Clinical Nurse Leader
A clinical nurse leader (CNL) is a new role within the health-care industry and was developed by the American Association of Colleges and Nursing (AACN) in an effort to improve the quality of patient care and prepare the nurses for the future of clinical health care. The need for this position arose from a discussion with AACN and other health-care stakeholders. AACN is considered a leader in nursing education and responsible for developing and supporting new approaches in nursing education. Through AACN, a formal degree-granting program was created offering an advanced clinician master's degree. People who qualify for this degree program usually transition from a bachelor's of science in nursing (BSN) program or are master's of science in nursing (MSN) graduates. The CNL is overseen by the Commission of Nurse Certifications (CNC). The CNC is a separate division within the AACN. The CNL Certification Program is accredited by the National Commission for Certifying Agencies.
The CNL differs from the Clinical Nurse Specialist (CNS) and the Advanced Practice Nurse (APRN), although these roles still bring unique skills in the care of a patient. For example, besides fulfilling different educational requirements, the CNL's job roles do vary very much in health-care settings. The CNL can implement mass clinical care changes across a population of patients, whereas the CNS primarily provides expert advice to other nurses and professionals on the team. The CNL provides oversight and delegation to other nursing staff, whereby the CNS serves as a mentor to other nursing professionals.
Only those people who pass the CNL Certification Exam and National Council Licensure Examination (NCLEX) obtain the CNL credential. At this time, there continue to be discussions on a doctor of nursing practice degree program.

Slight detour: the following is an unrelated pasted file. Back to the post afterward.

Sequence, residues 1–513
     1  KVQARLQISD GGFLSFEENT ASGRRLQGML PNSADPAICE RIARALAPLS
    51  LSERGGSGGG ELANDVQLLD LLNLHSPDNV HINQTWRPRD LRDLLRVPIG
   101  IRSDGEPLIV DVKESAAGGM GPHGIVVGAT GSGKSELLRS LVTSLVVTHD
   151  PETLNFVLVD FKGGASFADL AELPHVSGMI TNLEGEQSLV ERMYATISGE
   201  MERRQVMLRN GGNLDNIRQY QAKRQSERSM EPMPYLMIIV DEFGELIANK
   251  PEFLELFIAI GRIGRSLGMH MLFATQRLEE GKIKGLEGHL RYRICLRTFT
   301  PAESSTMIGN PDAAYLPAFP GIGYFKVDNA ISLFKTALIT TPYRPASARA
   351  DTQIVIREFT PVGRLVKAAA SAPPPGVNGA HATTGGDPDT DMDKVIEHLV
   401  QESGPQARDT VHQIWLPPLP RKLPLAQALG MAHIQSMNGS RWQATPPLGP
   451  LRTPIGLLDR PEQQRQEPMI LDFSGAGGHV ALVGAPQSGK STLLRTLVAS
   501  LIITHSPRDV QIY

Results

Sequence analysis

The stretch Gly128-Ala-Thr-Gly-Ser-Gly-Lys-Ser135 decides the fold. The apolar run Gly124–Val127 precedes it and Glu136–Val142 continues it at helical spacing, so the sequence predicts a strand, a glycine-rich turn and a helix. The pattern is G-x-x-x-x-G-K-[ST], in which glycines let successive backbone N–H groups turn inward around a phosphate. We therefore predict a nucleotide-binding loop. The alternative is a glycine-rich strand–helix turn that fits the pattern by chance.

The job of a CNL is typically to provide care to a distinct group of patients in the most updated and innovative ways. The CNL monitors the progress and care of his or her patients and has the authority to change care plans when needed. The CNL is a part of the team of professionals who provide care to the patient, including pharmacists, physicians, social workers, CNSs, and nurse practitioners.
The CNL is a three-hour, computer-based exam, which is annually reviewed by faculty, examinees, and the testing agency to ensure the accuracy and validity of the test. The CNL exam has 140 items and is administered usually at the candidate's school of nursing or standards measurement and testing (SMT) testing center. Registrations are submitted only online, and the fee is more than $300 for a first-time applicant taking the test at his or her school of nursing as compared to more than $400 at a testing center. There is a date range to take the test (Monday-Friday between 8:30 a.m. and 5 p.m. eastern standard time [EST]), and examination dates are typically over a two-month time period. Certification is granted for five years and must be renewed prior to being expired.
Last Updated: 12/14/2017